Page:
- take care of someone living in the area
The council housing Allocation Scheme is one of the ways to apply for moving into council property. The other option is through the Choice Based Letting Scheme which provides eligible candidates with a registered spot on the council housing waiting list where they are able to view available council properties through a web link. Claimants have the option of choosing council houses from the options that are offered to them by expressing their interest. Once they are shortlisted, an offer will be made by the council or social housing landlord based on the priority rank of the claimants on the waiting list.
Most councils usually offer both options; they have a certain property that can be allotted without the claimant having to review all the options. In this case, the council officials or social housing landlord finds a property that meets the needs and entitlement of the claimants and offers it to them to move into. Meanwhile, they maintain certain council properties for the choice-based letting schemes to allow claimants to choose their own council home.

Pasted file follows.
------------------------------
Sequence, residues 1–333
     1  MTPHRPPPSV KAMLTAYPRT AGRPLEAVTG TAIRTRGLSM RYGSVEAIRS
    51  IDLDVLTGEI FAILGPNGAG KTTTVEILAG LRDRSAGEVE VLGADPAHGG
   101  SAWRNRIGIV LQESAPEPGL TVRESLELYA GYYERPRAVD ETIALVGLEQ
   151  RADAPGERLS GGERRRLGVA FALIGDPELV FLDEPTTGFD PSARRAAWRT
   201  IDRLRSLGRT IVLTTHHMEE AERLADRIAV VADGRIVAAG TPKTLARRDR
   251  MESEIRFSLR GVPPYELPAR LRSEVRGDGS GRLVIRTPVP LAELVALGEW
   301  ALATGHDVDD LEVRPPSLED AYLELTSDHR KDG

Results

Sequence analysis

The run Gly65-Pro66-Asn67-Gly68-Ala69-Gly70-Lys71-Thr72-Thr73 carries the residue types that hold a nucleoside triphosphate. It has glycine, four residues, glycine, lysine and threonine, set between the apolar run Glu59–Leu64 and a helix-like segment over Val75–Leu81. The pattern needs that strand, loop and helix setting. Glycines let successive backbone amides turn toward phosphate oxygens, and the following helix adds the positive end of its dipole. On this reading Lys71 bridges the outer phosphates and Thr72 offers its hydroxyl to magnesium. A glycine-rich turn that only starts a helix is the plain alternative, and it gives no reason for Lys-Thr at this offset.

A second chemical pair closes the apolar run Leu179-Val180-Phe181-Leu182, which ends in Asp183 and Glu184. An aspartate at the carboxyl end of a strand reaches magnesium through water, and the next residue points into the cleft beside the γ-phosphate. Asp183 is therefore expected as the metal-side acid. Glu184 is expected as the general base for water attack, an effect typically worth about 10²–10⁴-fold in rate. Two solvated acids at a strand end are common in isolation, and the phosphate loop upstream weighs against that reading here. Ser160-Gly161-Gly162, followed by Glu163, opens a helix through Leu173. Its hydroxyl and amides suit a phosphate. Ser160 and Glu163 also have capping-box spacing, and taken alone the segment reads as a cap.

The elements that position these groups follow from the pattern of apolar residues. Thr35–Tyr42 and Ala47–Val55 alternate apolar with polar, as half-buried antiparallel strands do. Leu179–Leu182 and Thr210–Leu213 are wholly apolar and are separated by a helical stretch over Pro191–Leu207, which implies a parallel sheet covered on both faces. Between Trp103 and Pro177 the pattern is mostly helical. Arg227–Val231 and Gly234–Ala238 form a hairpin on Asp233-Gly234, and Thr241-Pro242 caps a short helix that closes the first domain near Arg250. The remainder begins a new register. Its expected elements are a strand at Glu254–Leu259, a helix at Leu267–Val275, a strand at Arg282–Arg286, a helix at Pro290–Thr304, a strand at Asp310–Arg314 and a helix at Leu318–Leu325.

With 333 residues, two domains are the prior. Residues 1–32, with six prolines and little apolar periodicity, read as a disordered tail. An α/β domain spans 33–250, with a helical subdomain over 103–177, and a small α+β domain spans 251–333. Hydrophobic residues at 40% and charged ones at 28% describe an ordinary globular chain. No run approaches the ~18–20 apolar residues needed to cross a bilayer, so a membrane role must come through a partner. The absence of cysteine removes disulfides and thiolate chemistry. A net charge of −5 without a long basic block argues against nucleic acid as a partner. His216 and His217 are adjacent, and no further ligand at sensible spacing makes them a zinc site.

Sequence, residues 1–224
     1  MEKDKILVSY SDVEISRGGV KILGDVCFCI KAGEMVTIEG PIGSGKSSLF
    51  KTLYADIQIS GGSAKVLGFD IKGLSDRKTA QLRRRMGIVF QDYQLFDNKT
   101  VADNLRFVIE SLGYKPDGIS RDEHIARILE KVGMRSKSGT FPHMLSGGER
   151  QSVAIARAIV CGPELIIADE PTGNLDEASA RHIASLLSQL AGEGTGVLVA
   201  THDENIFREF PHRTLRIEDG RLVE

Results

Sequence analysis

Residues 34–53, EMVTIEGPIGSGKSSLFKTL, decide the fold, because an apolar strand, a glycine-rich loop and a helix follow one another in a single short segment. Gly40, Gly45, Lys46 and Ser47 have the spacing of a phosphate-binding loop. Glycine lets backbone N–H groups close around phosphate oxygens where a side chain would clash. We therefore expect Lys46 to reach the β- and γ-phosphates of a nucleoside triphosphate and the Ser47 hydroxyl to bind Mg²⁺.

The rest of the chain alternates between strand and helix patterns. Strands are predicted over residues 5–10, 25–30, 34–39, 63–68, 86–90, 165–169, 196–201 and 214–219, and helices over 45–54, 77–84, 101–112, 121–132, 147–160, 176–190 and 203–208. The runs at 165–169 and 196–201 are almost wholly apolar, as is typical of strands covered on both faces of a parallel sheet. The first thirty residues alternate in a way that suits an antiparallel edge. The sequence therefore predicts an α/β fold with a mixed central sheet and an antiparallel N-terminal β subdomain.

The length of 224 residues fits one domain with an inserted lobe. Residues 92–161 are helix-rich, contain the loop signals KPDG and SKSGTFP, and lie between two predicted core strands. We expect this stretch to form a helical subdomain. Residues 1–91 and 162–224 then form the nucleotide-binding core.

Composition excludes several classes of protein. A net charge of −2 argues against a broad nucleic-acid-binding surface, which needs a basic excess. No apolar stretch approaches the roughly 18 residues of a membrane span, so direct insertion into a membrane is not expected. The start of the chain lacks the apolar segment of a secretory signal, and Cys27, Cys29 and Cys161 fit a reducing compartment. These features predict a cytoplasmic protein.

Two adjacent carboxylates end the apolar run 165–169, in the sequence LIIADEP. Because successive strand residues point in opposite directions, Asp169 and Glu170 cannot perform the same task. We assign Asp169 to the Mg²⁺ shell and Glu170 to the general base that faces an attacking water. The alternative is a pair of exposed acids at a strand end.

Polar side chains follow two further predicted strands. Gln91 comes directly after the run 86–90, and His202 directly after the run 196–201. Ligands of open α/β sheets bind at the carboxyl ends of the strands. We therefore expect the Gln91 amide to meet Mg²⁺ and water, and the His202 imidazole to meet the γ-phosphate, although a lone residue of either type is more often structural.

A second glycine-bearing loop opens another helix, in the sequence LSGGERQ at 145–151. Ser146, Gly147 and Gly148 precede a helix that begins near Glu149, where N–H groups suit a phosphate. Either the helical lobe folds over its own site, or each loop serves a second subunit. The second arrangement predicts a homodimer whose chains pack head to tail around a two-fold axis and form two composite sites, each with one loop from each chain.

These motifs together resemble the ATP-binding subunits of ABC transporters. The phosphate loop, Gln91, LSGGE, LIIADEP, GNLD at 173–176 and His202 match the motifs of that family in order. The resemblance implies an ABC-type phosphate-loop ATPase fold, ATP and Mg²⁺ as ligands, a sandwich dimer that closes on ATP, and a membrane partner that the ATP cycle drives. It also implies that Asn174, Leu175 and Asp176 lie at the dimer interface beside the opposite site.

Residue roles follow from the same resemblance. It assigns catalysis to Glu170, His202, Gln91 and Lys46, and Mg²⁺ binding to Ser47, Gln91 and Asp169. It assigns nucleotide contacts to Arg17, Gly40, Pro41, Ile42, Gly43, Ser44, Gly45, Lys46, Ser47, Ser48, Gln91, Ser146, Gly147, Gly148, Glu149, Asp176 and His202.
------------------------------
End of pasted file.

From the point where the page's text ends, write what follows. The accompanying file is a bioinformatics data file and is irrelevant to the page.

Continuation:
If you want to spend a minimum amount of time awaiting allocation, you can get yourself registered on the common housing register. This register serves as a joint directory of all council and social housing property that is available for potential tenants. It saves your time from separately registering with the council as well as a social housing landlord and increases your chances of securing a state-rented property earlier.
Are There Any Exceptions To The Allocations Rule For Council Housing?
Yes, there are certain exceptions that apply to allocations of council housing as tenancies acquired through any of the following conditions are not considered an allocation: